Structural Design Research Studio: Present-Future Infrastructure (Spring 2018)
Pui-Lam Penelope Fung, Kailin Wang, Mingxin He, Yangchao Ni, Madelyn Margarita Moretta, Jasmine Ya Gao, Tian Ouyang, Kaiyue Zhou, Shiling Zhong, Yuan Ma, Yiwei Gao, Linnan Yu, Wen Zhu
In the most recent assessment examining current infrastructure conditions of the US in terms of needs, capacity, and safety, American Society of Civil Engineers (ASCE) graded the overall quality of the US infrastructures as D+, rated from A to D where A is exceptional and fit for future and D is poor and at risk. Most of the infrastructural projects in the US were built in the 50s and 60s and were aimed to serve almost 50 years. Those projects need to be replaced immediately, including half of the existing bridges in the country (The Economist, June 17th, 2014).
The ASCE grade for the aviation infrastructure is D. Although the aviation industry uses technologically advanced aircraft, their receiving airport infrastructures heavily suffer from the lack of the equivalent facilities and organization systems to handle large passenger traffics. The most recent major airport in the US was built almost 20 years ago in Denver and stays in the 28th place in the annual ranking of the top 100 airports in the world together with Boston Logan airport in 89th place according to Skytrax. Crumbling infrastructures will limit the US ability to contribute to the ever-growing global economy of the future. Thus, reconstructing/replacing the deteriorating infrastructures is unavoidable.
Problem Statement and Objectives
Indeed, architects should play a significant role in designing and rethinking the future of infrastructures. In response, this studio aims to research the formal and organizational configuration of the next generation of infrastructures, specifically airports.
The architecture of the future will be positively affected by technology: the technological advances in the transportation industries such as drone taxis and Hyperloop will change our perception of commuting, transitional space, and the so-called terminals. The terminals will be the interstitial spaces occur at the intersection of multiple transportation modes, and therefore pose an interesting architectural question for us: what is the terminal of the future?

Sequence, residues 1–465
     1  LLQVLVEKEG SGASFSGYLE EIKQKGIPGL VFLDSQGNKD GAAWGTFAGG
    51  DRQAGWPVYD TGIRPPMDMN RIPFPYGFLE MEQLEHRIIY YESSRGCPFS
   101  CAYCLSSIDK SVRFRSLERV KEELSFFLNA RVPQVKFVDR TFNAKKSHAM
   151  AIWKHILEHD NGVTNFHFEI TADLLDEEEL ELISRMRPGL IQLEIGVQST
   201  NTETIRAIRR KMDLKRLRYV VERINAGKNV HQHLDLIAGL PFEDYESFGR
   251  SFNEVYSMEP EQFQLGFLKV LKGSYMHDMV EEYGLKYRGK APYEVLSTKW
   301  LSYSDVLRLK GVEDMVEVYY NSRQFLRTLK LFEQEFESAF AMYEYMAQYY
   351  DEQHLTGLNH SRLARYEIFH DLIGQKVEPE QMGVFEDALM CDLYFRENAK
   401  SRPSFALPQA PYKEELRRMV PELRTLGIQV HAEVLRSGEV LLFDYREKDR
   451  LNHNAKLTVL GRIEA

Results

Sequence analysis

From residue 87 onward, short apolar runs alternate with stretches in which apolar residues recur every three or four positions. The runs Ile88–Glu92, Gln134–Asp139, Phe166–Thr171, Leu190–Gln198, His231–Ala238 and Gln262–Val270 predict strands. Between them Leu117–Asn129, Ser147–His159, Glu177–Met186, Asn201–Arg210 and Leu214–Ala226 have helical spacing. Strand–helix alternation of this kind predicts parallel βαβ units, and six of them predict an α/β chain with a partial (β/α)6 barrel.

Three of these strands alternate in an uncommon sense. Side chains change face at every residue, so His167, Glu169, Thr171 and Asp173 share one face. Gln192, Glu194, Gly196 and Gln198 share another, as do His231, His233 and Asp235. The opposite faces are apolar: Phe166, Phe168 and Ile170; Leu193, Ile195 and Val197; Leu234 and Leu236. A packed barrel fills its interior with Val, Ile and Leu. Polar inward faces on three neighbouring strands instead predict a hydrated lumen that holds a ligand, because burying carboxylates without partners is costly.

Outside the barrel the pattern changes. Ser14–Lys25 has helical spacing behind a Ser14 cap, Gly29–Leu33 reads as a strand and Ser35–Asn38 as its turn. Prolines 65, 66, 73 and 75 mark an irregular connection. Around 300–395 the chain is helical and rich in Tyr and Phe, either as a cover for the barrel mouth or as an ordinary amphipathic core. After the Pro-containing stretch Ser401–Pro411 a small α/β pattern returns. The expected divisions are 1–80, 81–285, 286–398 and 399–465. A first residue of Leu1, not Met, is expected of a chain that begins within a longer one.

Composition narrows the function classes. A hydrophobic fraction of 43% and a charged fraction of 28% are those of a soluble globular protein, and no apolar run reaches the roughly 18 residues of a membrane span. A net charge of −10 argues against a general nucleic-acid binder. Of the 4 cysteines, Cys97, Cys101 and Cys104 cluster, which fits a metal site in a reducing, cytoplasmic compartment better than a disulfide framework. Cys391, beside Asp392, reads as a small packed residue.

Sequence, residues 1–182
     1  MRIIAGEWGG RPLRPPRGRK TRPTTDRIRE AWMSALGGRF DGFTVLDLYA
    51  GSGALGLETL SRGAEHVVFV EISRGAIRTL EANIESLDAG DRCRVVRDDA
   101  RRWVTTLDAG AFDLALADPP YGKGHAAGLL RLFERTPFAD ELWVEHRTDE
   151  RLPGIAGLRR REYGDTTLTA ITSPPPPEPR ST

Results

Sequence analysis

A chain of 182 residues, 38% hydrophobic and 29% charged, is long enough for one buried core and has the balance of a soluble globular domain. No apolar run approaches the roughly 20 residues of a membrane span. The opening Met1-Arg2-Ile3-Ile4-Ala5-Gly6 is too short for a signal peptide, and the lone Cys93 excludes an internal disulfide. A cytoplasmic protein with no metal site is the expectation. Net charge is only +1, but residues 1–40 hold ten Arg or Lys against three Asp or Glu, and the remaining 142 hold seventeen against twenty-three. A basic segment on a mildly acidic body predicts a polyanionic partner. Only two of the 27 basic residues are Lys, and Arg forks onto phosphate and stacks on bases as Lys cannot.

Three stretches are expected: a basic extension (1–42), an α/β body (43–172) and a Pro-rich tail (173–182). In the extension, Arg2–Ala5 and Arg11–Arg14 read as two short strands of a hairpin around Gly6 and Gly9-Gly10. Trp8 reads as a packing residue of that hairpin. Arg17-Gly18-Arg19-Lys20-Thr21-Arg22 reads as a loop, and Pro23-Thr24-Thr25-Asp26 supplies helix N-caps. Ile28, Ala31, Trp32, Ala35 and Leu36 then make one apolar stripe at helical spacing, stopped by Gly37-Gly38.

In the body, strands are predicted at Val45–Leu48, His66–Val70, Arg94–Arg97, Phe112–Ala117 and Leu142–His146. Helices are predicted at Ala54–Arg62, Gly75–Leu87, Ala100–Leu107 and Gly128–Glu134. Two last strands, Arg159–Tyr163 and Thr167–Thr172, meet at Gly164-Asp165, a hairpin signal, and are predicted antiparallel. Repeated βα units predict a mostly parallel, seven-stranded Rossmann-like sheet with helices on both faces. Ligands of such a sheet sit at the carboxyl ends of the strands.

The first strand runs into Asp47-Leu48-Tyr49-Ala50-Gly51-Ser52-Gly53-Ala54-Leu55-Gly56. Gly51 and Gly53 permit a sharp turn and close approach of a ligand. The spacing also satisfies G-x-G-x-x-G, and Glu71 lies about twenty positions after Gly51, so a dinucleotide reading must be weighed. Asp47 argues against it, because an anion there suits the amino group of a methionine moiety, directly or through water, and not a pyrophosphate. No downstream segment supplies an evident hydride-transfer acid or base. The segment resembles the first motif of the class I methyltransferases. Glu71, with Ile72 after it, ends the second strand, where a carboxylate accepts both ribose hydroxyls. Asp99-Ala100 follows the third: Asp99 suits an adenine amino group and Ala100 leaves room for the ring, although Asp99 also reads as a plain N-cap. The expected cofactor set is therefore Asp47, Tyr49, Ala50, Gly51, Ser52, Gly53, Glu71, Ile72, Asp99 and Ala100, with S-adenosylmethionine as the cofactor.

Designing such architectural spaces requires utilizing specific structures. The studio will concentrate on the development of non-conventional architectural structures that can respond to the needs of such spaces and programs more concise than the conventional solutions.
Therefore, the main research objectives of the studio can be summarized as follows:
- formal structural explorations of the efficient structural typologies suitable for infrastructural design;
- material computing research including tectonic studies on the design of structural forms using various construction materials and prefabrication techniques including as wood, stone, brick, concrete, steel, carbon fiber, etc;
- programmatic studies of the future airport terminals including the integration of high-speed ground transportation station with drone port; and,
- and finally, the architectural design of the space to manifest the research.